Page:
Projection: Over the cap

    Huge Decision(s): Ball, Hart

    Draft Assets: Strong—in addition to all of their own first-round picks, the Pelicans have two apiece from the Lakers and Bucks

    2021 Draft: Own first (only receiving the Lakers' pick if L.A. misses the playoffs and earns a top-seven selection) and four second-rounders, including their own (although that will swap with the Chicago Bulls if the Pelicans finish with a higher pick) and selections from the Dallas Mavericks, Cavaliers and Wizards.

    Guaranteed Contracts: Steven Adams, Eric Bledsoe, Zion Williamson, Jaxson Hayes, Kira Lewis Jr., Nickeil Alexander-Walker, Wesley Iwundu, Ingram

    Non-Guaranteed Contracts: Wenyen Gabriel ($1.8 million)

    Free Agents: James Johnson, Willy Hernangomez, Ball (restricted), Hart (restricted), Naji Marshall (two-way, restricted), Will Magnay (two-way, restricted)

    Veterans with some trade appeal (by contract or talent): Adams, Bledsoe

    Young (potentially attractive) talent: Hayes, Lewis, Alexander-Walker, Iwundu, Gabriel

    Trade Kickers: Ingram (15 percent), Adams (7.5 percent)

    Projected Spending Power: Up to $15.4 million in cap space plus the $4.9 million RMLE, but only if Ball and Hart depart. Otherwise, $9.5 million NTMLE and the $3.7 million BAE

    Notable Trade Exceptions: $3.9 million

14. Houston Rockets

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    Matt Slocum/Associated Press

    The Houston Rockets went from Harden and Westbrook to Wall and Victor Oladipo. Then they dumped Oladipo on the Miami Heat, with a clear eye on a rebuild.

    Initially, Houston does not project to have significant cap space, but a few additional trades (perhaps D.J. Augustin and Danuel House Jr.) could give the franchise flexibility.

    Goals: Rebuilding—seller

    Projection: Over the cap

    Huge Decision(s): Direction

    Draft Assets: Solid but complex—they owe and are owed various first-rounders. Given the team's trajectory, it should be collecting picks, not sending any out

    2021 Draft: If Houston finishes with a top-four pick, it will keep it; otherwise the team will get the lowest (translates to “worst”) first-rounder from the Thunder, Heat and Rockets. Also, firsts from the Bucks (top-nine protected) and Blazers (top-14 protected). If the Pistons climbed precipitously in the standings, the Rockets would get their first-rounder as well (top-16 protected). No second-rounder, assuming the Rockets get Milwaukee's first.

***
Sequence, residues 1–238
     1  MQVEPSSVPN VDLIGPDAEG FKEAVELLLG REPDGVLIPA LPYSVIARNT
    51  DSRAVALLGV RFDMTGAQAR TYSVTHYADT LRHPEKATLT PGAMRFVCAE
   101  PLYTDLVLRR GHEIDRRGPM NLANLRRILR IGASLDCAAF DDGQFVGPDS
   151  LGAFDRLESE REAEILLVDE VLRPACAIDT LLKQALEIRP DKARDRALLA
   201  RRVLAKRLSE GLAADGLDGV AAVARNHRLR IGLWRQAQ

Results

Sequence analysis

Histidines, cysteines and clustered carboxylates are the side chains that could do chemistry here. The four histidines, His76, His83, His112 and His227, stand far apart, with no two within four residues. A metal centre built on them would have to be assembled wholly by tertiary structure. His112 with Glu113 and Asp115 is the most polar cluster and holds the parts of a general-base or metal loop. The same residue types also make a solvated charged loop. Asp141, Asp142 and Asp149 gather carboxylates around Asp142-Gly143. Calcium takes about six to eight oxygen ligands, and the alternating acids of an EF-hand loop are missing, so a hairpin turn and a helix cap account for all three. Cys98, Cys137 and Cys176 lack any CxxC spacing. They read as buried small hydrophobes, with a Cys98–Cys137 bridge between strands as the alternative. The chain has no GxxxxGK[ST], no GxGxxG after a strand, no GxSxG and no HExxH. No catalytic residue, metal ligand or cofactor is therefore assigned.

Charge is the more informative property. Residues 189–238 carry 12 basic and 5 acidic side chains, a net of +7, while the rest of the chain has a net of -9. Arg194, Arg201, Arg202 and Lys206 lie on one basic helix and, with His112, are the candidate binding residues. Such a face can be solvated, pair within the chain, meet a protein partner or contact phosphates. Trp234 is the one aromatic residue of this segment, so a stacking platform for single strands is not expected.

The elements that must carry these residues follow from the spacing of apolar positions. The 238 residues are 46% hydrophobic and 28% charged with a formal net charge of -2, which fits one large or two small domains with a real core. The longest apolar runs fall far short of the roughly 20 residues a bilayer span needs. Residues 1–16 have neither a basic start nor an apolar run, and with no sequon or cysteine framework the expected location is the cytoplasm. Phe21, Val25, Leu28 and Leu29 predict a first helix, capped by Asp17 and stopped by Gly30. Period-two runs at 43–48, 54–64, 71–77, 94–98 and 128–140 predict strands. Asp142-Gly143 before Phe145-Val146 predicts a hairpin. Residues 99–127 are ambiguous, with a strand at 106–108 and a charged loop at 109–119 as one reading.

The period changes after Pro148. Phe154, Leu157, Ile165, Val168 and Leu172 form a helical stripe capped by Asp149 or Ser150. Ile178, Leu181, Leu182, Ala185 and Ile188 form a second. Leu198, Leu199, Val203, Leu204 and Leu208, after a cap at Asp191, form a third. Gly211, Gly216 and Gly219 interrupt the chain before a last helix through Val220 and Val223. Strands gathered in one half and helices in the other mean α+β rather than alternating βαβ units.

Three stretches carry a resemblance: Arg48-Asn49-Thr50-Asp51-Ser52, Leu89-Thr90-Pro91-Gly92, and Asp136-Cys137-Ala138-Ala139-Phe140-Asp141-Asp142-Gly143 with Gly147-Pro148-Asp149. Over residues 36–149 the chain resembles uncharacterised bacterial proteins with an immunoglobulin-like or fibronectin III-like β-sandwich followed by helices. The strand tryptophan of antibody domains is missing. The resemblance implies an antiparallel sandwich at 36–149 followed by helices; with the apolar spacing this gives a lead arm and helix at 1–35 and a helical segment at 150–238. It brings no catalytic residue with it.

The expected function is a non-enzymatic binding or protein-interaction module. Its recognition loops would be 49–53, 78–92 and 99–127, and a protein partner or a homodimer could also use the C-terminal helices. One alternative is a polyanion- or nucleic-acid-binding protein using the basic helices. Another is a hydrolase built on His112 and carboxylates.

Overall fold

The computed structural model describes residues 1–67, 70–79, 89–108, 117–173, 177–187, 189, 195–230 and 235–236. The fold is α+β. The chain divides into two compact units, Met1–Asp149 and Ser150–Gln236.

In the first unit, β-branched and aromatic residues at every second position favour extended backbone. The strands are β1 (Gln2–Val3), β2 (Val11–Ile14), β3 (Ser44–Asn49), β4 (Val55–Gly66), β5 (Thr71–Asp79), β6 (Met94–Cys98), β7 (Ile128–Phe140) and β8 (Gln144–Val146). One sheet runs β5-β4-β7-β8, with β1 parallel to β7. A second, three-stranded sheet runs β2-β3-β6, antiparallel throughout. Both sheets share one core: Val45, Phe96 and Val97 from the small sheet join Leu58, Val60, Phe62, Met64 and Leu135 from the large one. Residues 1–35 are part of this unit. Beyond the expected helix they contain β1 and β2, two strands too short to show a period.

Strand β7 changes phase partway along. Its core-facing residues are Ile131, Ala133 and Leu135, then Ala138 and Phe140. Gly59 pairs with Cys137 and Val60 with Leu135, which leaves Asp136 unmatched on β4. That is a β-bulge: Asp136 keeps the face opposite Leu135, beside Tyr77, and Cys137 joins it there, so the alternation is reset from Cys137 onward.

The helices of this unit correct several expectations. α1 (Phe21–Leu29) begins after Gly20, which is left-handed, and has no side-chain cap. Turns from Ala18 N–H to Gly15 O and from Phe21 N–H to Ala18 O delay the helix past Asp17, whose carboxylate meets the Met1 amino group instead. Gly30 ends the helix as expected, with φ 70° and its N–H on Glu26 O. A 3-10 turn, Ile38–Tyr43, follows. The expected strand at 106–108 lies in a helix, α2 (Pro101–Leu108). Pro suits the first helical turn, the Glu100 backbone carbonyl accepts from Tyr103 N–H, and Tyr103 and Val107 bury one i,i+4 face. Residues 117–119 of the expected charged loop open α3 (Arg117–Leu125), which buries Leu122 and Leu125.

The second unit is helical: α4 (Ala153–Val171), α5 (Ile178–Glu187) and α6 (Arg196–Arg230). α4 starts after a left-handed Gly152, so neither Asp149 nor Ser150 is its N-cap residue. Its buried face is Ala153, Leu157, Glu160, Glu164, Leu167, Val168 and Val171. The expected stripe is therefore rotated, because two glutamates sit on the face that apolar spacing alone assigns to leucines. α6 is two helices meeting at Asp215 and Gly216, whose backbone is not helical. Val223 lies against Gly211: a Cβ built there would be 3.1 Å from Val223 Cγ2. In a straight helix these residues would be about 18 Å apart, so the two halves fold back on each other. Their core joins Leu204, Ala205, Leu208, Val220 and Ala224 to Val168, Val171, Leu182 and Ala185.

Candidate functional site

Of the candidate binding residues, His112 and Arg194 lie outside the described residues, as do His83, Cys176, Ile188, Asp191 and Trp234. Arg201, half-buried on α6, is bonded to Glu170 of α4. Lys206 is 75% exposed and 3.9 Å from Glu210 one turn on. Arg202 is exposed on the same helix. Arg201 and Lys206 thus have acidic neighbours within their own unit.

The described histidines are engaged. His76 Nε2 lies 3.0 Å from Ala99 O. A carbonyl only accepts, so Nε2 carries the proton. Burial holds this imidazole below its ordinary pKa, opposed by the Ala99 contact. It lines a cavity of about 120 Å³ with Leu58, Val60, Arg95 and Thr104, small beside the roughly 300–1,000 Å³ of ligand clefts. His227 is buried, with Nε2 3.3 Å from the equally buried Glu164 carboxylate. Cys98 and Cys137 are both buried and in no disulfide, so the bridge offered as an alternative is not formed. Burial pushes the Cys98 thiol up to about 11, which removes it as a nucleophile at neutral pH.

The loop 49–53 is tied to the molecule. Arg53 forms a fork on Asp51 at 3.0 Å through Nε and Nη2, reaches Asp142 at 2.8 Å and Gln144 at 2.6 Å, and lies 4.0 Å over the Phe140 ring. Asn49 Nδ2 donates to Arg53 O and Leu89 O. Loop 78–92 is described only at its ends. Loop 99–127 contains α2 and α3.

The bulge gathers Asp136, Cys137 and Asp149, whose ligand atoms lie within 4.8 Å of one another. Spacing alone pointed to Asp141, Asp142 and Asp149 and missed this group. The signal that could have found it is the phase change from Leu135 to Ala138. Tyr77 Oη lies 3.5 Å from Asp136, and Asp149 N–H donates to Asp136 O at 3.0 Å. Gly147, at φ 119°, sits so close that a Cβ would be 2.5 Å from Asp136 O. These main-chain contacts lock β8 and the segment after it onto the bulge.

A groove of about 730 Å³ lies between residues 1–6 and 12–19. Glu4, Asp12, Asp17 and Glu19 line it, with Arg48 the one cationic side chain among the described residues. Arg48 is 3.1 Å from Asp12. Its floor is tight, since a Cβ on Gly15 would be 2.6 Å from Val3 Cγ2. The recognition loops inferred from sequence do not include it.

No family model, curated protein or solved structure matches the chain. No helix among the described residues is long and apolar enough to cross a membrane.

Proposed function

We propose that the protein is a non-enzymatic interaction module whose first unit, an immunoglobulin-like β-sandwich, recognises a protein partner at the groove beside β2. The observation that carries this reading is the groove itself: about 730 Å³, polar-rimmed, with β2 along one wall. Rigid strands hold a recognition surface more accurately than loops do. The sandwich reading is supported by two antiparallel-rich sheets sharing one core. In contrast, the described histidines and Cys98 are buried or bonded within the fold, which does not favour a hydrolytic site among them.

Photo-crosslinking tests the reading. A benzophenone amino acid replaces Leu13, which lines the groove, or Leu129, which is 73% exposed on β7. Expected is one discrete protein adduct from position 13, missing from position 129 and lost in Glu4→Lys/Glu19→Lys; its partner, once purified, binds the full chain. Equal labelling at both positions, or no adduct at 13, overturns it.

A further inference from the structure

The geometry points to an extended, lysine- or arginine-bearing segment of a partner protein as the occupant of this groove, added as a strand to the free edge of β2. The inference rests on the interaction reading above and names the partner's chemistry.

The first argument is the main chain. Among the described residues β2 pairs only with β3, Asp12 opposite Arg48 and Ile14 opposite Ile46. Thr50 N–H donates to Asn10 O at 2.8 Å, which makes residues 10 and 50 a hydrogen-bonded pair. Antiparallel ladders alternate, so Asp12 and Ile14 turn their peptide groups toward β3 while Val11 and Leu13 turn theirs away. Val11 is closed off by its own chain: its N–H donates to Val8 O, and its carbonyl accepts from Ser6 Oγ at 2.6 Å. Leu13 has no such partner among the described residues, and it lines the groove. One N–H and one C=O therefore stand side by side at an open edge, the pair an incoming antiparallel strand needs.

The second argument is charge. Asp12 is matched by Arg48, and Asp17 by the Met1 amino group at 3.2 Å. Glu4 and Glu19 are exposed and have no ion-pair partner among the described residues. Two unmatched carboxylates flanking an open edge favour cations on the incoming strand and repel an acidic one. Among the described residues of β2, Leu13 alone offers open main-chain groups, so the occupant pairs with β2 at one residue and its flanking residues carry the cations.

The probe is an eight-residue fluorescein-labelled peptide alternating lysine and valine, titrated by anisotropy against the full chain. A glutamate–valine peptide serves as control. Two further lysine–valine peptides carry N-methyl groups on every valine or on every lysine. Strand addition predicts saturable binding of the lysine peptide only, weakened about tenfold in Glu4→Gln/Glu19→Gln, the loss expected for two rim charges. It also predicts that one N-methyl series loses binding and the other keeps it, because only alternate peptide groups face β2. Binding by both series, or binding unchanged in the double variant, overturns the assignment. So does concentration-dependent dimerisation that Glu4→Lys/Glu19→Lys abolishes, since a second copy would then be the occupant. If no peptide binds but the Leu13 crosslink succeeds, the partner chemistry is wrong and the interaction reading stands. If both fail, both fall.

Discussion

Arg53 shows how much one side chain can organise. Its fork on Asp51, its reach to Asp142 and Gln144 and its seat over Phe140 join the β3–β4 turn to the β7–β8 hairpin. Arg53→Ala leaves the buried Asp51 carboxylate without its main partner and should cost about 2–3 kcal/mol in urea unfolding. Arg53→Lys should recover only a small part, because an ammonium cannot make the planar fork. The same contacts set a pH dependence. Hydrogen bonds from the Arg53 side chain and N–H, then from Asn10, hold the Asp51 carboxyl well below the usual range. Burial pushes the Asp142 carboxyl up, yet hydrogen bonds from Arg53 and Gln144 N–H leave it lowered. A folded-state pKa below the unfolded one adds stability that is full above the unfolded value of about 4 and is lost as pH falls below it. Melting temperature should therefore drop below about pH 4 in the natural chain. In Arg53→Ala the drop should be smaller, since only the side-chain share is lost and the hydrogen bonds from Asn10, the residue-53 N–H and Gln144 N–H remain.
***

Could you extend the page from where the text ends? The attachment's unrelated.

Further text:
Guaranteed Contracts: Eric Gordon, Christian Wood, Kevin Porter Jr., Wall, Augustin, House

    Team Options: Avery Bradley ($5.9 million), DaQuan Jeffries ($1.7 million)

    Non-Guaranteed Contracts: Jae'Sean Tate ($1.5 million), Kenyon Martin Jr. ($1.5 million)

    Free Agents: Kelly Olynyk, Dante Exum, D.J. Wilson (restricted), David Nwaba, Sterling Brown, Anthony Lamb (two-way, restricted), Armoni Brooks (two-way, restricted)

    Veterans with some trade appeal (by contract or talent): Gordon, Augustin, House, Bradley (if opted in)

    Young (potentially attractive) talent: Tate, Martin, Porter

    Projected Spending Power: Up to $14 million in cap space plus the $4.9 million RMLE, but the Rockets may be better off staying over, allowing them to use their various trade exceptions plus the $9.5 million NTMLE and $3.7 million BAE

    Notable Trade Exceptions: $8.2 million, $5 million, $2.2 million, $1.8 million

13. Orlando Magic

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    John Raoux/Associated Press

    The Orlando Magic were bold at the trade deadline, dealing several of their best players in Nikola Vucevic, Aaron Gordon and Evan Fournier. The team is rebuilding, which will certainly extend into the offseason.

    Terrence Ross is likely the next to go. It's unclear how invested the Magic are in Gary Harris, who came over from the Nuggets for Gordon. Orlando could end up with significant cap room, but the team might use it strategically instead of in free agency.

    In trading Fournier, the Magic generated a $17.2 million trade exception, which could help keep the team add needed talent.

    Goals: Rebuilding

    Projection: Over the cap

    Rookie-Scale Extension Eligible: Mo Bamba, Wendell Carter Jr.

    Huge Decision(s): Rebooting